The General Assembly already adopted a two-year budget in 2023, so lawmakers do not have to pass a new budget this year. However, the legislature typically passes a budget adjustment bill in even-numbered years and aims to do so by the end of the fiscal year on July 1.

Berger said the Senate is “perfectly at peace” with the existing budget and hopes to end the legislative session’s business by the end of the month.


The budget allocates $250 million toward expanding the Opportunity Scholarship program, which provides vouchers to be used to pay for private school regardless of the income level of the family requesting them. The plan would fully fund the waiting list of 55,000 students seeking a private school voucher.

State lawmakers eliminated income limits for the Opportunity Scholarship program, leading to a record total of nearly 72,000 new applicants this year. The state agency in charge of the voucher program only had enough money to fund the lowest-income applicants.

More than 70% of the families on the waiting list wouldn’t have been eligible under the old income limits. The Senate had passed legislation in May to provide $463.5 million over the next two years to clear the backlog. But the bill stalled in the House as the budget was being developed. […]

Christmas comes early. A private school education for EVERYBODY.

School choice was originally about having school funding follow kids to wherever they want to go.   A competitive free-market style scenario was supposed to emerge.  Public schools – like private businesses – were supposed to be forced into self-improvement like a struggling business would be in the face of a new competitor’s arrival in town.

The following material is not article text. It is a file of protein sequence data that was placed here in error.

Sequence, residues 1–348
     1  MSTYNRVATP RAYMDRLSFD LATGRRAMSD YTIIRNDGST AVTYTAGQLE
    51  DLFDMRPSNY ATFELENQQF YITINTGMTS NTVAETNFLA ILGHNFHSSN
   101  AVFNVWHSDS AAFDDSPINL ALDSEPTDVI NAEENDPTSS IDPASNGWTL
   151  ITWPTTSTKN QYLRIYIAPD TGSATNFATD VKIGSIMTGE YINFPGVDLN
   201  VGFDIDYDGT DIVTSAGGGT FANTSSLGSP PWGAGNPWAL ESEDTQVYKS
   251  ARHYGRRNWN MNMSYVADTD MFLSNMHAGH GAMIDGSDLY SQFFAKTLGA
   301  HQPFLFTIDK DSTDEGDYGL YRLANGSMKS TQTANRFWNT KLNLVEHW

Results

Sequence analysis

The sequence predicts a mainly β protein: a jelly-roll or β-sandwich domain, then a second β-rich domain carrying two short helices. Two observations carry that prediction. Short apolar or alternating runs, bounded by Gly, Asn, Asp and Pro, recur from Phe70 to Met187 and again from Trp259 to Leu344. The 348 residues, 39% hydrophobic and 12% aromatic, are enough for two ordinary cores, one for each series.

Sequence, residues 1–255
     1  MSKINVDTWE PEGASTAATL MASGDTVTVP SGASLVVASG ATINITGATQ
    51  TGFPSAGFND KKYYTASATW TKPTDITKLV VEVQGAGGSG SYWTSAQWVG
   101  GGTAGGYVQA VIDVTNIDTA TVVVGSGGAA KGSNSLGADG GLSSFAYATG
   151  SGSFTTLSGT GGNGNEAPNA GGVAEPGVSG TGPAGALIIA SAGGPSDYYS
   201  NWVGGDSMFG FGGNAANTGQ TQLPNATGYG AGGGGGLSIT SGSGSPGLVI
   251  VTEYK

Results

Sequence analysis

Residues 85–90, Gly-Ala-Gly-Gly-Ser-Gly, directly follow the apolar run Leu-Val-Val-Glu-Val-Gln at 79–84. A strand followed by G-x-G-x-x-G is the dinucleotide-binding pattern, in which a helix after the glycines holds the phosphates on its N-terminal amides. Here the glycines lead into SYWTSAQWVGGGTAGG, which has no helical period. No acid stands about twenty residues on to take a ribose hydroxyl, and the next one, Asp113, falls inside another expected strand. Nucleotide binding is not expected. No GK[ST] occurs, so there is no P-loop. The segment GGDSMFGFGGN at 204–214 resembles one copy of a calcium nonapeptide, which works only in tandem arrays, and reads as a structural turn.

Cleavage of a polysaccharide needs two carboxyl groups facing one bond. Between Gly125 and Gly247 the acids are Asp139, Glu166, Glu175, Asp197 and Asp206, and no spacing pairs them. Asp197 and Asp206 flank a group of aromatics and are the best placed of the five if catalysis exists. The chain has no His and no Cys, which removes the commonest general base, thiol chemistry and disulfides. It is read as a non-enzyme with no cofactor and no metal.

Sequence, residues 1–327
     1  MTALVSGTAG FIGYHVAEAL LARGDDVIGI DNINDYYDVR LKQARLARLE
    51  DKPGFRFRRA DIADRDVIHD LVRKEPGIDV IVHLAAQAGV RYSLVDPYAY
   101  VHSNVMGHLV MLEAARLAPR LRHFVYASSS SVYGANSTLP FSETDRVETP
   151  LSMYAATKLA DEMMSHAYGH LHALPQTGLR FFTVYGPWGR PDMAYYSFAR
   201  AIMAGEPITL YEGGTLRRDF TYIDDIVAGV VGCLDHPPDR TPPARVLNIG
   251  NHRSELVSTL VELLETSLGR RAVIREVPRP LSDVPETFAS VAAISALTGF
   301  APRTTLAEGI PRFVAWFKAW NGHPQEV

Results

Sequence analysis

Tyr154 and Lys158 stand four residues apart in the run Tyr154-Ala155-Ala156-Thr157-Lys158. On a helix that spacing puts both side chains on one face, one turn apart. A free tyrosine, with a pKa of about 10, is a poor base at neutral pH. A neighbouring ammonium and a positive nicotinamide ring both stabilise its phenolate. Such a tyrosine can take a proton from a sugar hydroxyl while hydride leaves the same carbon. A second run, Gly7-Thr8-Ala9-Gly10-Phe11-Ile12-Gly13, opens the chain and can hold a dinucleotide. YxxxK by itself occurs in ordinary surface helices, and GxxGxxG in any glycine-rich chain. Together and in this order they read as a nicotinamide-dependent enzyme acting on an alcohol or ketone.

But that is not what’s happening.  With this, the failing public schools’ funding is not threatened at all while a whole new appropriation is created.  The party of limited government is installing yet another government-funded entitlement we will struggle in perpetuity to maintain. 


[…] House leaders also propose spending $135 million on child care centers, given that federal COVID-19 pandemic relief grants are expiring.

“As we’ve worked diligently on the House budget, one thing has remained clear: we cannot leave Raleigh without addressing the childcare crisis,” Rep. Donny Lambeth, a House budget chairman, said in a statement on Monday. “The House budget continues 75% of current stabilization grants to keep childcare centers open and parents can remain in the workforce, while giving the state time to develop a more sustainable model for childcare costs.” […]

There is a demand for child care because the cost-of-living is ridiculously high and continuing to rise.  Why not work on bringing that cost down?  Better yet:  Why not return what we overpaid so each of our households can decide how to best spend our money?

Senator Berger’s daughter heads the state commission on evaluating state rules and regulations.  Government regulation plays a huge role in the rising cost of daycare and just about everything else. This budgetary move creates a brand new government entitlement we will be expected to fund in perpetuity.  It’s the kind of move that has got to bring smiles to the faces of House Democrat leaders and the governor.